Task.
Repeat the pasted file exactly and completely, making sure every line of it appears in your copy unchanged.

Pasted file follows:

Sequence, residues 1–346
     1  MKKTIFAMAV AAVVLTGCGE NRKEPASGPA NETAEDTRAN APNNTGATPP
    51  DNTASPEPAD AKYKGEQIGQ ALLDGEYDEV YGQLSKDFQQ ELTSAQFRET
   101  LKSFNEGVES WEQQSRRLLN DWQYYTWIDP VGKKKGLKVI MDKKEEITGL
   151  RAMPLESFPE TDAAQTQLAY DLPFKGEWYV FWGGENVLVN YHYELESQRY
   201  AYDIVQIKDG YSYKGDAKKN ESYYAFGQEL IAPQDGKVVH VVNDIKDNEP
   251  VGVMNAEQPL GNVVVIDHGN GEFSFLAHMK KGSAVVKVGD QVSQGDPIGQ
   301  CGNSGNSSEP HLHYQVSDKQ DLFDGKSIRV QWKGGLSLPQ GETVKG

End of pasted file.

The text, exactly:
Sequence, residues 1–346
     1  MKKTIFAMAV AAVVLTGCGE NRKEPASGPA NETAEDTRAN APNNTGATPP
    51  DNTASPEPAD AKYKGEQIGQ ALLDGEYDEV YGQLSKDFQQ ELTSAQFRET
   101  LKSFNEGVES WEQQSRRLLN DWQYYTWIDP VGKKKGLKVI MDKKEEITGL
   151  RAMPLESFPE TDAAQTQLAY DLPFKGEWYV FWGGENVLVN YHYELESQRY
   201  AYDIVQIKDG YSYKGDAKKN ESYYAFGQEL IAPQDGKVVH VVNDIKDNEP
   251  VGVMNAEQPL GNVVVIDHGN GEFSFLAHMK KGSAVVKVGD QVSQGDPIGQ
   301  CGNSGNSSEP HLHYQVSDKQ DLFDGKSIRV QWKGGLSLPQ GETVKG